Sex or school? E. Java lawmakers aim to forbid graduation for non-virgins
The city council of Jember, East Java's third largest urban area with a population of 300,000, plans to give a virginity test to schoolgirls, local media reported. Those who fail won't have a chance to become high school graduates.
The city council insists on the regulation on the grounds that a
number of secondary and high school students allegedly indulge in
pre-marital sexual activities. According to the data gathered
from local hospitals, around 10 percent of Jember’s approximately
1,200 HIV/AIDS patients are students.
“What surprises us the most is they have had sex several times and with different partners,” Habib Isa Mahdi, a lawmaker from the People’s Conscience Party (Hanura), told Detik.com on Friday, according to the Jakarta Globe. “Moreover, the Ministry of Social Affairs said that Indonesia is in an emergency situation against pornography — that’s what drives us to make such regulation,” he added.
— Yenni Kwok (@yennikwok) February 6, 2015
A lawmaker from the National Awakening Party (PKB), Mufti Ali,
told East Java news portal BeritaJatim.com he wanted to expand
the proposal beyond Jember for it to become a provincial law.
“If they’re not virgins anymore, don’t let them pass,” he said. “It may sound like a joke, but it’s serious. It’s for the sake of the future.
“I agree that virginity should become a [requirement] for graduation. I will tell my friends to make it a regional regulation. We can’t only rely on their conscience to behave well. There should also be pressure. If they’re pushed [to behave well], that bad behavior can improve.”
The second-largest Muslim organization in Indonesia, the Jember
Chapter of Nadhlatul Ulama (NU), has opposed the proposal.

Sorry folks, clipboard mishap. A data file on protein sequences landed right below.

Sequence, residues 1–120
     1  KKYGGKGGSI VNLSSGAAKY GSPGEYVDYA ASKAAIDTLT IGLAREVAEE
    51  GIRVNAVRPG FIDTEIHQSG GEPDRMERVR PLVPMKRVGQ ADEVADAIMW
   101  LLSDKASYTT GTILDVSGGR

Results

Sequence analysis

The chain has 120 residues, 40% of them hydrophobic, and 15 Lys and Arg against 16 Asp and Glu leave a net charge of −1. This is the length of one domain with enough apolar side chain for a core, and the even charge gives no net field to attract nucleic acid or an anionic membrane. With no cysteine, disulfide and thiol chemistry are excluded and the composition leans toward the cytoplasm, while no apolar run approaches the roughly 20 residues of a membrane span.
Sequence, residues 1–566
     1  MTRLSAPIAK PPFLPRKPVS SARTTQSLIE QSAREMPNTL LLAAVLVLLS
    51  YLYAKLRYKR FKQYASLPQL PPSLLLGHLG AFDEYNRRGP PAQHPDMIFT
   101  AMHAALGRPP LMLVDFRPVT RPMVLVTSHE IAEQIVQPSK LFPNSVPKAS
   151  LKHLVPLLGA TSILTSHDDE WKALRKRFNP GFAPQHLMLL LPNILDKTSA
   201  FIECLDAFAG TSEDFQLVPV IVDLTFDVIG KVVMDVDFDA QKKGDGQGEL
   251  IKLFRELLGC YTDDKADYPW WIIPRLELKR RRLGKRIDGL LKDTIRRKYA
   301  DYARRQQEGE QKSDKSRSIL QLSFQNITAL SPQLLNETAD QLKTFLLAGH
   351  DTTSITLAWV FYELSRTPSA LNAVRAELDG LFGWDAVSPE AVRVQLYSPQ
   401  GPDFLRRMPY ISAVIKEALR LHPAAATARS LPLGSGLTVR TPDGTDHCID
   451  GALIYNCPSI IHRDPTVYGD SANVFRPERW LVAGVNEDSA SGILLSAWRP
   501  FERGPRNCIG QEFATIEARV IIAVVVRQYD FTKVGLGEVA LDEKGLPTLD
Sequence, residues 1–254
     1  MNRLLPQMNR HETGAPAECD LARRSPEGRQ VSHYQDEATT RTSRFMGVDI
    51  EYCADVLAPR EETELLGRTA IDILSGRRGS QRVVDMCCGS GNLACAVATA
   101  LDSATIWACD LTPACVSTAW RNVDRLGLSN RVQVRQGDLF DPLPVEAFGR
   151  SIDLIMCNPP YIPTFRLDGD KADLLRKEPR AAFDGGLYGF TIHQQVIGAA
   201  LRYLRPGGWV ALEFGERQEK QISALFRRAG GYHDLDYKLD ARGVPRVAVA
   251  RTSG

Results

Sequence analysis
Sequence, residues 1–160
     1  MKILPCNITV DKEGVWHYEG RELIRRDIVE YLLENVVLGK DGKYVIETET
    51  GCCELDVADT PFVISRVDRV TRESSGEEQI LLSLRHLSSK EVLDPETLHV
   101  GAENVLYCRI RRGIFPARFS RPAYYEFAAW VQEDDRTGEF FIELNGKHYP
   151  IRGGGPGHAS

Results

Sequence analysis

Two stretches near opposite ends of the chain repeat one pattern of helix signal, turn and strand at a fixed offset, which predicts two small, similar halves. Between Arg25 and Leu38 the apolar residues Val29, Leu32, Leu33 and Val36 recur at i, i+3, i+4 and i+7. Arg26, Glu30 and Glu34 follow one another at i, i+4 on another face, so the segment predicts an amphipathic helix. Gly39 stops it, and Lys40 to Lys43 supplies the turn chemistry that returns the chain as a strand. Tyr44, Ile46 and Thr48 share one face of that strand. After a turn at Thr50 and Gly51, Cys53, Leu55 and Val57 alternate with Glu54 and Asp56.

“Virginity is very sensitive. If a female student cannot meet the requirement, she’ll be the subject of gossip in society,” MN Harisuddin, Jember’s policy chief for NU, said on Thursday on the organization’s official website.
“Say the bill is passed, the test would be simple to conduct, but why is it only done for the female students? How about the boys?” he wondered.
The lawmaker Mufti Ali brushed away allegations of the regulation’s sexism.
“We can’t test the boys,” he told the East Java news portal. “But at least with the regulation, girls will be afraid [to have pre-marital sex]. The boys will be prevented from the act because girls will become unwilling. This will scare them, that if they [have sex], they will not graduate.”
Mufti said that victims of rape facing the test won't have to be concerned about the results. “The medical team will be able to tell [if they have been the victim of a sexual assault],” he noted.
READ MORE: Indonesia to ban virginity tests for female civil servants…except police
Indonesia’s police often use virginity tests as a pre-condition for employing its female officers. The police force in Indonesia enforces strict requirements for women, who account for only 3 percent of the 400,000 police officers in Indonesia.
In November, Human Rights Watch issued a scathing report saying that female recruits hoping to join the police force were still being subjected to the “degrading” ‘two-finger’ test. Many of the women were made aware of the tests only moments before it was conducted. Following widespread criticism, local authorities said in December they planned to ban virginity tests for female civil servants.